Monthly Archives: November 2012

A baptism of fire (and ice)

Dog sleds crossing sign, Hetta

I arrive after dark, dragging my suitcase through the thick snow. But I’m barely through the door when I’m handed a pair of work boots and dispatched down to the farm.

“Do you want to get thrown in the deep end?” asks Anna, my host, but it’s not really a question. “Get your jacket on, go down the hill and follow the snowmobile tracks to a gate.”

The instructions turn out to be unnecessary – I follow the sound of barking which starts off loud and grows to a wall of noise and fury by the time I reach the kennels.

Three figures are running back and forth up the lines of dogs, pulling more from cages and running circles and harnessing them to three sleds tied to posts along a track running up the centre of the yard. The noise is incredible; I can barely hear to introduce myself to the others, but they are too harried to talk much anyway. Not knowing how to help, I hover on the sidelines and rub the forehead of one of the quietest dogs.

Ice crystals are hanging in the air, glinting in the glare of the floodlights.  The dogs are mewling, almost hysterical in excitement, throwing themselves forward and straining against the holding ropes in their desperation to be off and running.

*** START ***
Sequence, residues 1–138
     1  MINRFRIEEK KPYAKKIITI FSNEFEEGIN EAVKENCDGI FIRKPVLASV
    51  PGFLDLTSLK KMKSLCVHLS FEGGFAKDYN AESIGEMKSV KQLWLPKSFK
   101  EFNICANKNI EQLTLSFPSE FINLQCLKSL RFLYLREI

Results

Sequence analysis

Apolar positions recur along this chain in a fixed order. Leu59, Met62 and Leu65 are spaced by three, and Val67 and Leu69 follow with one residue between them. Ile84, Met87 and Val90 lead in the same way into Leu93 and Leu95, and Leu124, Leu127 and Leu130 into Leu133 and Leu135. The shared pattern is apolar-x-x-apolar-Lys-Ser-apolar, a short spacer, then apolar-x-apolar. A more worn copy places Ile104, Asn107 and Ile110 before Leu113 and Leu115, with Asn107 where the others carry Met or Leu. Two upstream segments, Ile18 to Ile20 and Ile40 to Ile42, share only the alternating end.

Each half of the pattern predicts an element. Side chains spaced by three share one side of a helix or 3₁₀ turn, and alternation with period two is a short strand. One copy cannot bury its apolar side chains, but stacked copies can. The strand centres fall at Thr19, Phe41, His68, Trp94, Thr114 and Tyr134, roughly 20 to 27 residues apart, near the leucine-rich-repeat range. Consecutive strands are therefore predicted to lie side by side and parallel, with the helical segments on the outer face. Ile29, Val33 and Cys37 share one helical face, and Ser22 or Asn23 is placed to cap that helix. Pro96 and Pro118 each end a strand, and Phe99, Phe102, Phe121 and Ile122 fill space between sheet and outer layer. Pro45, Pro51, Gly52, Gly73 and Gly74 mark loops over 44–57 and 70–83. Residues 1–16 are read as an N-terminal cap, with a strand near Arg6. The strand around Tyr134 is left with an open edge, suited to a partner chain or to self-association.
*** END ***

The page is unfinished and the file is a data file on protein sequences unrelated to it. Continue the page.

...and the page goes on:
“Get in!” someone instructs me, and obediently I hop down onto a sled full of snow, immediately soaking the jeans I’ve been wearing since I got on the tube in Kentish Town the previous morning.

A command rings out and with a jerk we are off into the dark, through the snow-tipped pine, with only a head torch for light.

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From London to Lapland

Location of Hetta, image via http://www.hettahuskies.com

Tonight I fly from London to Helsinki, the first leg in my journey to Enontekiö in the north-west corner of Finland, 300km inside the Arctic Circle.

But I’ve been preparing for this journey for a while. My weighty suitcase holds:

  • one down-filled Rab Neutrino jacket (800 fill, second hand)
  • one Primaloft inner jacket
  • four fleeces (one heavy, two mid-weight, one base layer)
  • three pairs fleece trousers (two leggings, one normal cut… i.e. I might not be too embarrassed to wear around the house)
  • 6+ base layer tops
  • 5+ thermal tights
  • four pairs salopettes (two of which are waterproof)
  • two polar buffs, one normal buff
  • one pair heavy-duty outdoor gloves, one pair waterproof mittens
  • one pair Polartech thermal liner gloves
  • 5+ pairs magic gloves
  • first aid kit
  • one under-helmet balaclava
  • one ‘Petzl tikka’ headlamp
  • two carabiner
  • one climbing knife
  • one pair fur-lined ‘mucker’ boots
  • two hats (one waterproof, one fleecy)
  • fleece sleeping bag liner
  • several pairs Merino wool four-season socks
  • camera kit, laptop
  • misc personal items, including a bottle of vodka and three Christmas puddings

Needless to stay I’ll be up all night guarding all this kit before the next leg of my journey (Helsinki to Kittilä) tomorrow morning – not least the Merino wool socks, which cost an extortionate £21 per pair. I’ll review all my kit in a couple of months, which may be useful for anyone planning a similar purchase.

On the bright side, I’ve been doing my research: Helsinki Vantaa is one of the most comfortable airports in the world to sleep in.

I’ll fly out too early to make use of Finnair’s four (4) saunas, but free wifi will be very handy for following the US elections as the results come in.

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